Tuesday, November 22, 2005

Jeremy Glazier in The Antioch Review

This poem by Jeremy Glazier is on page 740 of the current issue of The Antioch Review.

Directions for a Duel

Fill the chamber of your pistol
with pinecones, rose petals,

small coins you've already shot holes in.
When you enter the saloon,

the player piano will stop
and for a split second you will know

the hand each player holds.
Keep your eye on the one you came for,

and kill him
when the redhead
winks at you from behind the still.

This will be your sign
that everything is possible.
Sling the body over your shoulder
and bury it in the stomach

of the sandstorm that waits for you
outside the city limits.

Jeremy Glazier

This beautiful poem encapsulates a metaphor for the discipline and art of writing poetry. If I were to translate it (non-poetically), I would write something like this:

Fill your mind with texture, fragrance, and ideas you've been bandying about. When you write, time will seem to halt; and for a split second you will see every angle of your subject. Stay focused; when the muse strikes, get the words down on paper. Then you will know you are a poet. Carry your poem to the outside world and add it to the storm of submissions flying around in the mail.

That's the Amy take on it. What's your take? Why do you think Glazier changes the form of the poem after the words "and kill him?"


Anonymous said...

My mind is on intention and interpretation. What the writer "means" as opposed to how it is read. With this in mind:
The coins already have holes = ideas you've started
Card players = audience. You have a split second to find the words that will suit their hands...
Kill him = conquor the message and deliver it
The storm = interpretations. You have no control over how the poem will be read by others. Your intention (the "him" that you kill) is buried among other views.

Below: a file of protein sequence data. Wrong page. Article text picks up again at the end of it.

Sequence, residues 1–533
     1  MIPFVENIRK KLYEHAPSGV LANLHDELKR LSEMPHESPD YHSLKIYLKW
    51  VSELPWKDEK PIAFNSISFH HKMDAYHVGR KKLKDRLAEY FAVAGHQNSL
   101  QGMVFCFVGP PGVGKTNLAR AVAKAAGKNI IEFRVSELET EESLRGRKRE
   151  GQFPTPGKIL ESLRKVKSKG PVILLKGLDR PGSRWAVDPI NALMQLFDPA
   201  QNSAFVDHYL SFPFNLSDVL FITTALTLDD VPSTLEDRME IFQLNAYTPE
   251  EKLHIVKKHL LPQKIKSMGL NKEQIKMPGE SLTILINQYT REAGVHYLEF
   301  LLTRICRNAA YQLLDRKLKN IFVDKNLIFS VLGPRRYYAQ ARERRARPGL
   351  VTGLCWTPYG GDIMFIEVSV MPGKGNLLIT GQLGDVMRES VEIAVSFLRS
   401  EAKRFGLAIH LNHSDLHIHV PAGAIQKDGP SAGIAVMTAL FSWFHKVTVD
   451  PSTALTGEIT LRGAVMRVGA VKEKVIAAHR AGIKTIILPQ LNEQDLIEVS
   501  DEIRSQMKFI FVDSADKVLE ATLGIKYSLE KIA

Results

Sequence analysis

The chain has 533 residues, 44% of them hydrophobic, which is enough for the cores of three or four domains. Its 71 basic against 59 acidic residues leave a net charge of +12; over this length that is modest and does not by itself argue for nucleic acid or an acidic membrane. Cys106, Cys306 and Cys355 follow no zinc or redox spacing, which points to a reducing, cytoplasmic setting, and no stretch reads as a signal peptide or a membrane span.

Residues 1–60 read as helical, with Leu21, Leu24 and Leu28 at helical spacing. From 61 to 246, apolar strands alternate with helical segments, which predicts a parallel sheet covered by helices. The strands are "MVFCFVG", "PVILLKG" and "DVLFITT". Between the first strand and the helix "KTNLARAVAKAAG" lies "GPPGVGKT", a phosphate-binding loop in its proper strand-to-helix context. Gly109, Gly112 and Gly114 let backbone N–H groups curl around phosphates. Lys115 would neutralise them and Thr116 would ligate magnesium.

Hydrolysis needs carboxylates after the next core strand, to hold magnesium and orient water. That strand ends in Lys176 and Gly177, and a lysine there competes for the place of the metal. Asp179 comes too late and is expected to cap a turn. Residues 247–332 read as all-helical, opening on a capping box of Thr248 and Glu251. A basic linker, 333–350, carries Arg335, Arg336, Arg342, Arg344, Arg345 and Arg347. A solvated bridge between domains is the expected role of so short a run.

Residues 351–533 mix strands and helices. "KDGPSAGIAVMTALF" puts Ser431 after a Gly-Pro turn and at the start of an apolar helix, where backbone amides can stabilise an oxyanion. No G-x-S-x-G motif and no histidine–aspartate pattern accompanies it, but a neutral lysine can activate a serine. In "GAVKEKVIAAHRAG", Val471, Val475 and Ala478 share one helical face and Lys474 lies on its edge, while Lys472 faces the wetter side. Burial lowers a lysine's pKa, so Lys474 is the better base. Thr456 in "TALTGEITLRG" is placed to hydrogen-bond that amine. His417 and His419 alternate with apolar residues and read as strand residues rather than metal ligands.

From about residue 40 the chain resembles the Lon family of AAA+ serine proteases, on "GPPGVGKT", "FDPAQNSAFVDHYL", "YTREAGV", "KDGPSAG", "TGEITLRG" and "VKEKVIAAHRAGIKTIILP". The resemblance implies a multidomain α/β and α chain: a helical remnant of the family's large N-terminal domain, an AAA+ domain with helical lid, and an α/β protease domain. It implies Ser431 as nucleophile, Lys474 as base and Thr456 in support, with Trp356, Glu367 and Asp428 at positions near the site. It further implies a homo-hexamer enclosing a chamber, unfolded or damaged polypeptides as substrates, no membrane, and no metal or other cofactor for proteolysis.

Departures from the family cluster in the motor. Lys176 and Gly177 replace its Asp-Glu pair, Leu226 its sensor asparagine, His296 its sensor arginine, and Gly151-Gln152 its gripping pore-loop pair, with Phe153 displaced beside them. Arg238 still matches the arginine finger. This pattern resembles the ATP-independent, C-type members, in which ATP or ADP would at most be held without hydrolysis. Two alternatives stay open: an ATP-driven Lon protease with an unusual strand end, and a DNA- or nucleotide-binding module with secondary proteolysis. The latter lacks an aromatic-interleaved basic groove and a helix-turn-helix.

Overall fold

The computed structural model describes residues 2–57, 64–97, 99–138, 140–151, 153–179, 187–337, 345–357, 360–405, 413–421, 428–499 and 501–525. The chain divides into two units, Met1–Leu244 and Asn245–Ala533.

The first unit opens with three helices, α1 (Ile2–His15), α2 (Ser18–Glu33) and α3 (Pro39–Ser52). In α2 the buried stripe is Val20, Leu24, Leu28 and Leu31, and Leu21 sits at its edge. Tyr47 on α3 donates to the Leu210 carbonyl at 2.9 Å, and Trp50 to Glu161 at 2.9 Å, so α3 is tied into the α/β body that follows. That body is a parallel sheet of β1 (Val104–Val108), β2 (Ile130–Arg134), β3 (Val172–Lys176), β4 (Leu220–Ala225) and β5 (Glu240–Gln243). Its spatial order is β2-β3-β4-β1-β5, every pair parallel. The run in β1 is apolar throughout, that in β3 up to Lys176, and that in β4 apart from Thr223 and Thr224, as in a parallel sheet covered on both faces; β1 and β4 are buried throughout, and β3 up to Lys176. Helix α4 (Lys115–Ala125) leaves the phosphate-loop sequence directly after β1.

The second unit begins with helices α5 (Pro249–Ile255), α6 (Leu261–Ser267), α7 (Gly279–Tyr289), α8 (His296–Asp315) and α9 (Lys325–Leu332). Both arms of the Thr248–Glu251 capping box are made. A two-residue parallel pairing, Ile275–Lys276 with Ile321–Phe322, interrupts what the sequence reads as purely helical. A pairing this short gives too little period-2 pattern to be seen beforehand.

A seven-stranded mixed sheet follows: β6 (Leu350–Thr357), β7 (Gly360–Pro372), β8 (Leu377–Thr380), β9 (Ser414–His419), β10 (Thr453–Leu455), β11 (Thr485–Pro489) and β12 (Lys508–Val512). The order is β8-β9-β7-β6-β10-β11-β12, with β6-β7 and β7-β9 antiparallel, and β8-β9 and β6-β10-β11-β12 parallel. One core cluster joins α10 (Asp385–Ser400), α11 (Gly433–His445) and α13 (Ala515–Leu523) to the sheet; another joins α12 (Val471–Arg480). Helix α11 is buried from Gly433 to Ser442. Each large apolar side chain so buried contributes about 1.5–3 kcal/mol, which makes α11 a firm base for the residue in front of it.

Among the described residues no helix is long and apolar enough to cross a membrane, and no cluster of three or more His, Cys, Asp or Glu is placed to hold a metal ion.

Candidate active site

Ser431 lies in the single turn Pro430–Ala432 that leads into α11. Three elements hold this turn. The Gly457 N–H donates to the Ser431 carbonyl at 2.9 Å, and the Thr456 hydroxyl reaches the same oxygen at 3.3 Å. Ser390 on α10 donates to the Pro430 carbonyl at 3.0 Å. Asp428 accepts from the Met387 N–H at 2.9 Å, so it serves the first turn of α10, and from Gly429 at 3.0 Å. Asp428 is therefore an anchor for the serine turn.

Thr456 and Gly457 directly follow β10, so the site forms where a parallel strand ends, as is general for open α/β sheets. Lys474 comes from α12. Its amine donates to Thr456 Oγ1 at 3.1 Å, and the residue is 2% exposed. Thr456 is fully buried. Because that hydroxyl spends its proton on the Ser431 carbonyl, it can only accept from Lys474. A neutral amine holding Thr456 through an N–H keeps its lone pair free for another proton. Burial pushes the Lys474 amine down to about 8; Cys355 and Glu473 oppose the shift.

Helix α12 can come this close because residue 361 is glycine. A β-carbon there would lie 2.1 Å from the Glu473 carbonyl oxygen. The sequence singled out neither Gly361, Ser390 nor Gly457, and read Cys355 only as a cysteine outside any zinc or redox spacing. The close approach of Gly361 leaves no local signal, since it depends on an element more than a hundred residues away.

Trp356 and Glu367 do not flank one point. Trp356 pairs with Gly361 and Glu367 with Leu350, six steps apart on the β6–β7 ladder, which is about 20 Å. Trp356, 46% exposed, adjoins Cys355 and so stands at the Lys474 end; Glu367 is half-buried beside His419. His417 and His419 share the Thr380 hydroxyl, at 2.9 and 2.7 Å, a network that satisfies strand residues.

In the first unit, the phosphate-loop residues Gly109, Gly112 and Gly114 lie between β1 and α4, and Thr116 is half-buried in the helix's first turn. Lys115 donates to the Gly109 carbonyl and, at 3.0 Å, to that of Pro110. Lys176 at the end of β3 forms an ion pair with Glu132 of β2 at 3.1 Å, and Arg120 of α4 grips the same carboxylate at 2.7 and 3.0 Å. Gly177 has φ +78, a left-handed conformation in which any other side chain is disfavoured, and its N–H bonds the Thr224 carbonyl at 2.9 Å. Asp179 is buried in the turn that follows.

J.B. Rowell said...

The space after "and kill him" freezes time - everything in the poem stops - the poet nails the poem. Nice choice.

Amy said...


I like the idea of the storm being the effect of other readers' interpretations. It certainly feels that way when we workshop our poems. Also, the card players as audience--in a saloon, they witness the shooting.


I agree, there is something about that space that stops time. I'm also wondering why the form becomes more chaotic after that. Perhaps it is related to the "storm" idea--what happens after the poem is finished, as others apply their own readings and make judgments on the poem.

Thank you both for your fine comments!

Graham said...

This is very beautiful.

Daniel Barkowitz said...

Very nice analysis of this poem, and a nice choice of a poem as well...

Thanks for posting it.

I am a first-time visitor to your site, but hope to be back...

Montgomery Maxton said...

Jeremy Glazier is a friend of mine. He is uncomparable to any poet living or dead. His poetry will live for a long time.

-Montgomery Maxton

Gilbert Koh said...

I don't really see how this poem is about writing poetry. To me, it is more a metaphor for the decisive point in any kind of big challenge, when we call on some extraordinary resource deep within ourselves and find the universe somehow bending to our will.

You could also think of the duel as being a duel with your own fear. You defeat the feat, and it's vanquished for good - you can bury its corpse permanently.

silvermoon said...

I think the poem begins as methodical, decisive thinking, marching forward to an obligation, distasteful as it is and then there's that space because of the intensity, the impact of his actions.

Like others mentioned, it's as if time stands still.